Recently we were invited along to the Royal Botanic Gardens, Kew to explore what they have on offer for children.
First up, the Log Trail. We were given a tour of the trail by Kew’s Head of the Arboretum Tony Kirkham. A man who is so passionate about getting the younger generation excited about trees, Tony was a joy to listen to.
“If through my job I can get one child in the thousands of children that visit Kew to choose a career working with trees then I’ll be a very happy man” he tells us. He also explains that this Log Trail is entirely made up of tree’s which fell in the storms earlier this year, and the trail was designed and built by his team at Kew for free with the resources they have. Fired by their imaginations it’s shaped up to be a really lovely trail that children will adore.
Set in the Conservation Area at Kew, amongst the shade of the trees the Log Trail tests your balancing skills whether you are young or old. Kew gardens recommend that the Log Trail is ideal for the over 7’s but Ozzy, aged 5 and Kitty, aged 6 managed the trail with relative ease, although they were challenged in places.
Trees used include beech, ash, oak, eucalyptus and pine, and to help people identify which tress have been used, they even have their names carved into them – it’s a nice touch that can lead into some dialogue between child and parent too, comparing the different types of woods, noting the colours and differences.
Other fun activities for children at Kew include:
The Barefoot Trail, which is exactly as it sounds, a trail for you to do barefoot. It sees you walk / hobble/ squelch across wood, stone, cobbles, sand, pine cones, grass, water, charcoal, mud and more before reaching the water station at the end where toes can be cleaned off. Great fun for both children and grown ups.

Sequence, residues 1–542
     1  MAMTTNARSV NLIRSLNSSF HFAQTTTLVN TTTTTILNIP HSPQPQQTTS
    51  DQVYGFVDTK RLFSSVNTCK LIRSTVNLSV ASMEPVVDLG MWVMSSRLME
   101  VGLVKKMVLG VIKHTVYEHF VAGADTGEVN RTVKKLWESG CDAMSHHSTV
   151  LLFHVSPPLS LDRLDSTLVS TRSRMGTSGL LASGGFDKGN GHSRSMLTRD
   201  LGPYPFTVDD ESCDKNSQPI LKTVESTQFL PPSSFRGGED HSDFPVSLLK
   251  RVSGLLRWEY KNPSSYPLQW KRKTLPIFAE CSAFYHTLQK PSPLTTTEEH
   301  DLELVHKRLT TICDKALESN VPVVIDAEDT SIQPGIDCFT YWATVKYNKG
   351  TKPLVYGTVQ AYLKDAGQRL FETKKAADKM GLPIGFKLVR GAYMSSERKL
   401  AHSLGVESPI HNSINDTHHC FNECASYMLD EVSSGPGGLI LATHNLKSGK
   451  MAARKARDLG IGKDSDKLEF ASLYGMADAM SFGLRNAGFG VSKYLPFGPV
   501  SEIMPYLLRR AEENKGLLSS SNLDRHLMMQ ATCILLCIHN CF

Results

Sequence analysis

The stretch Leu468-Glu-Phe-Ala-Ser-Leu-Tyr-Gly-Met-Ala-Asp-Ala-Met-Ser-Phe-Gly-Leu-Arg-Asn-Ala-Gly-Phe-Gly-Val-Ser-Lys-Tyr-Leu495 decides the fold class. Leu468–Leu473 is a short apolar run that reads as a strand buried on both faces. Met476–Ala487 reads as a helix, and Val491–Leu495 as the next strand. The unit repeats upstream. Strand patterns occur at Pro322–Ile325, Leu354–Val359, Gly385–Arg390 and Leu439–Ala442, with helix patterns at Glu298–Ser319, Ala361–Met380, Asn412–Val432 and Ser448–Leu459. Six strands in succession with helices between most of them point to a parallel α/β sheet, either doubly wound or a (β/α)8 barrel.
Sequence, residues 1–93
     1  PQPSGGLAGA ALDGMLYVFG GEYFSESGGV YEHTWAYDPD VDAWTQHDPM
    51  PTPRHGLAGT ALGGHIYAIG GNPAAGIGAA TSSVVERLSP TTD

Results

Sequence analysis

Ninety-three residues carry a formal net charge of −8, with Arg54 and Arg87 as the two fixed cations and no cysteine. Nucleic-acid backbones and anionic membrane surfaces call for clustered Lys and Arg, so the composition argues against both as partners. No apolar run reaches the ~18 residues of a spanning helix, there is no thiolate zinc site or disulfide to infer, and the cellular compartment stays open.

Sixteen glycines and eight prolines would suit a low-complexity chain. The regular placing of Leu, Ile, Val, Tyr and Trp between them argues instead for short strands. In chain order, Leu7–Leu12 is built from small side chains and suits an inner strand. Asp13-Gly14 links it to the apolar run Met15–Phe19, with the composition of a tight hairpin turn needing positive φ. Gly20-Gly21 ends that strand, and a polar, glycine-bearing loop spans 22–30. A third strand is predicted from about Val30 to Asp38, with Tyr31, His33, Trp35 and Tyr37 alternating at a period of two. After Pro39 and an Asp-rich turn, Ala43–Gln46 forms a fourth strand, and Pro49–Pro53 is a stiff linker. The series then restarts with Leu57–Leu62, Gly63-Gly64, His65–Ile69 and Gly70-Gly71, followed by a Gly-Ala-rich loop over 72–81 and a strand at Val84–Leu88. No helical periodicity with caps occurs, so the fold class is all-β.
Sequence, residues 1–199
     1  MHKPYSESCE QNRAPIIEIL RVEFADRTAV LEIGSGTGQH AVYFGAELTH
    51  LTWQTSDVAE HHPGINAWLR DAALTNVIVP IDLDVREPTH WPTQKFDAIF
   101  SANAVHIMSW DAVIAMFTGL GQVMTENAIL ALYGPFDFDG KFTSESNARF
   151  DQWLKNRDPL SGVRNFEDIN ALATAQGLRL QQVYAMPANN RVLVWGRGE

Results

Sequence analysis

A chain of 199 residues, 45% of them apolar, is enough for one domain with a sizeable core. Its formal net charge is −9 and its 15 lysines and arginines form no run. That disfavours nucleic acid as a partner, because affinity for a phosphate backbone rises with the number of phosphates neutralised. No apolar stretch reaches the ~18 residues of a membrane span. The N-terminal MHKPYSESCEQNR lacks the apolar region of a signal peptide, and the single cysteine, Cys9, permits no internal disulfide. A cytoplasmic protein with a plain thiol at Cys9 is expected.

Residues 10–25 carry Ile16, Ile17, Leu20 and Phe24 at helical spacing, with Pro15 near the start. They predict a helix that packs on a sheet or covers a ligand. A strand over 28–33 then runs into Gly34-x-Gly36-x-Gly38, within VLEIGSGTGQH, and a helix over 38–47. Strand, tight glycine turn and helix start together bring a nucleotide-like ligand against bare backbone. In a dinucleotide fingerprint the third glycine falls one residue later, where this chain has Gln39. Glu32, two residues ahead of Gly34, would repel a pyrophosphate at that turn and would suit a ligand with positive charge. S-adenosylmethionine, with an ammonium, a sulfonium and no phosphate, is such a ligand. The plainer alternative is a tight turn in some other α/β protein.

Lotions and Potions Workshop. for £3 per child, they can learn about and get hands-on experience, making a balm. Kitty and Ozzy made a healing potion using comfrey which can be used on bruises and bumps. The ladies running this were attentive and engaging – and Kit and Oz have been using their potions ever since at every available opprtunity. There’s been a lot of ‘Is this a bruise mummy?’… “No darling that’s dirt”… ‘Oh’ *sad face*
Comfrey Ointment Recipe
Pestle and Mortar
2 tablespoons chopped and pounded comfrey or dried variety
50 ml vegetable oil
3 rounded tsp grates beeswax
Chop herbs and grind using the pestle and mortar
Infuse comfrey in 50ml vegetable oil for 30 minutes
Simmer do not boil
Strain into plastic jug and return the liquid to the pan, discarding the solids
Add 3 tsp of wax and stir until melted
Pour into containers and allow to cool before sealing.
Whilst you wait for it to solidify, which takes literally 10 minutes, you can make a label for it, to remind you what the balm can and cannot be used for:
Apply as needed for bumps and bruises. This slave is for external use only, as it is known to cause liver damage if ingested. Avoid using on broken skin. It can last up to year if kept refrigerated.
Avoid using on broken skin
Hug a Tree, well who wouldn’t want to when they look this cosy?
These crocheted sleeves were made by Knitiffi having been commissioned by Kew Gardens for their Summer of Plant celebration, Plantasia.
Choose your Healing Hero – Learn about five important medicinal plants, then vote for the one you think is most important. Once you’ve picked one, you pick up a piece of coloured wool for that plants ‘colour’ and attached it to the knitted ‘tree cosy’ installation, the idea being that it will create a striking art feature which will evolve throughout the festival.
Prices: Adults £15, Children under 16 – Free, Disabled, Students and Senior Citizens £14. Registered Blind and carers for adult disabled visitors – Free
Travel: Kew Gardens is in London and parking is extremely limited. We did manage to bag a car parking space on the A307, Kew Road,where parking is free after 10am – a word of advice though, theses spaces all went within 10 minutes. If you can’t park there then you are pretty stuck so I would recommended getting the underground if you can. All travel info here: http://www.kew.org/visit-kew-gardens/plan-your-visit/getting-here
More information: Visit the Kew Gardens website